But this by the way only.' We might refer to many books, which; written with the best intention, seem to us very

likely seriously to compromise the originality or dignity of Scripture truth. Let us select as a type, “ Stones Crying Out-an appeal to the written rocks of Sinai, in confirmation of the story of Israel's wanderings in the wilderness. This work is an “improvement,” in the pulpit sense of the facts and deductions ýery modestly and fairly stated in the Rev. Charles Forster's “ One Primeval Language.” The variety of opinions entertained by men of great learning and research as to the antiquity and value of these inscriptions, would, of itself, be almost sufficient to render any reference to them, as authorities, undesirable, as we are not likely to settle a question of fact by showing how widely dissentient are the opinions of the best informed upon the subject. Our work proceeds

the that these written rocks "

bear a cotemporary Israelites during their long wanderings in the wilderness. But to this theory there are so many and such grave objections, that it seems most unsafe to base on it any conclusions that may jeopardize the credibility of the inspired record, by shifting the onus of proof to memorials of such doubtful origin and antiquity.

Our objections to this interpretation of the "written rocks" are so many and so grave, that we cannot but think those who adopt it are doing ill service to the cause of Revelation, which has not only no need of such helps, but is far better without them. They are briefly these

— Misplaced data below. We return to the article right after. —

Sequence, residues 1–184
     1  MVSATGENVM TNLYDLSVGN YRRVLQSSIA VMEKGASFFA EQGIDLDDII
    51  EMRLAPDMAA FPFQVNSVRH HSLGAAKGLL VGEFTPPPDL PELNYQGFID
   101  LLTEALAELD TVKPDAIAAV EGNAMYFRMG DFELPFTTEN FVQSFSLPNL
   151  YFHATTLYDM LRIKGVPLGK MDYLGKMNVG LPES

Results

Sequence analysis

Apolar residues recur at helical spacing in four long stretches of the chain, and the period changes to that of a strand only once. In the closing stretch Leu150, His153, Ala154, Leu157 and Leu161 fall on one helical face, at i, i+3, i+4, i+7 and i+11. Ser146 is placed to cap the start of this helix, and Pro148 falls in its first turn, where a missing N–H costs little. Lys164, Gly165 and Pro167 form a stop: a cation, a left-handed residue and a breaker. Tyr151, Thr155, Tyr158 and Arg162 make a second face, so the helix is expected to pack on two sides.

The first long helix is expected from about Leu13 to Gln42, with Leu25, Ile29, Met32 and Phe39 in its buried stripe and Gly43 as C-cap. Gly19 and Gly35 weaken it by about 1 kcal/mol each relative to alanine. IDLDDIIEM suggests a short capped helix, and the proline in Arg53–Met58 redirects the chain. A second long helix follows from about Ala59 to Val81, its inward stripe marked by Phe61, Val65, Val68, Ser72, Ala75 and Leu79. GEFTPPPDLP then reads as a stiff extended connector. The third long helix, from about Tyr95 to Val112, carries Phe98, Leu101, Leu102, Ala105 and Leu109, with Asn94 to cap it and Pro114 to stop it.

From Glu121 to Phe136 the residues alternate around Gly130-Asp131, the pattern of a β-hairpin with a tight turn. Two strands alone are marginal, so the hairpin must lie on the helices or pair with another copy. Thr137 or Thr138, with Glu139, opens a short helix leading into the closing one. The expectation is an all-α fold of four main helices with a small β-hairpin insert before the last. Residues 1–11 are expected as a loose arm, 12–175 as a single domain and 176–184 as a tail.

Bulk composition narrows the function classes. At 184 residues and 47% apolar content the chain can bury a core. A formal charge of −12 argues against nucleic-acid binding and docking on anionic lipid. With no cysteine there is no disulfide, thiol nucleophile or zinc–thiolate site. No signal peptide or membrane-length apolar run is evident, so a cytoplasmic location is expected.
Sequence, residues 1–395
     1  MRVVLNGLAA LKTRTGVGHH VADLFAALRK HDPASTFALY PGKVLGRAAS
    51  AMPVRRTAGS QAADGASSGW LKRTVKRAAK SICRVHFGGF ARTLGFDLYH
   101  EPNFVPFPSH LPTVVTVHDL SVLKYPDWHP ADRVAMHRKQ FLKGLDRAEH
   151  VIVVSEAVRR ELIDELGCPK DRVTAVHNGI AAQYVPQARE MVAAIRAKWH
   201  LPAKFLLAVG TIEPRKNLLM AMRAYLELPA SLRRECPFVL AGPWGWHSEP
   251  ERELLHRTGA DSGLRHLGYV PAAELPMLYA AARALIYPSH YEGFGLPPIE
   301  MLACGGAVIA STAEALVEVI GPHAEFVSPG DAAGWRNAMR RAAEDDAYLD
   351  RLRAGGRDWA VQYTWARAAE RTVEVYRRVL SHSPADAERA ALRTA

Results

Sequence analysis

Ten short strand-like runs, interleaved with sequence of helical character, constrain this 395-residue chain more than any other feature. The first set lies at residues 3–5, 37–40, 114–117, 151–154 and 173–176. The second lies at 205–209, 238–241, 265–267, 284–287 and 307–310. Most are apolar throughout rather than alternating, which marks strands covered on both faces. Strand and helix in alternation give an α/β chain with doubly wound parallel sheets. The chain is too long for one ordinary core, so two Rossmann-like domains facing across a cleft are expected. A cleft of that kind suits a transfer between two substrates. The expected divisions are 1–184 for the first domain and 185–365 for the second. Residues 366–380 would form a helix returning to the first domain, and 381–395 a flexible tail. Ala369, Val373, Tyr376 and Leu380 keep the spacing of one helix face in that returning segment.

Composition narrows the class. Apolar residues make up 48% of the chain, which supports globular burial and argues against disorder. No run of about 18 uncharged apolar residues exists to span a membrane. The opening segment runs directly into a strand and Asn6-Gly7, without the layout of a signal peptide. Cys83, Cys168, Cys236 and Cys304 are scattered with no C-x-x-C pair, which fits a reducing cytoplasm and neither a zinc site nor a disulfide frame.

First : We only know them to be as old as the sixth century of the Christian era.

Second: Though some of the characters have a faint resemblance to the Hebrew, the language is almost uniformly Arabic.

Third: The type and key of these characters are found in the famous Rosetta stone, which 'dates twelve centuries låter

than the period at which it is' assumed that they were - written.

Fourth: A still more serious objection to this hypothesis as suggested by the tenor of the inscriptions themselves. Is it

at all likely that the wandering Israelites would thus record itonin shame describe themselves as “kicking,” “reviling," "slothful,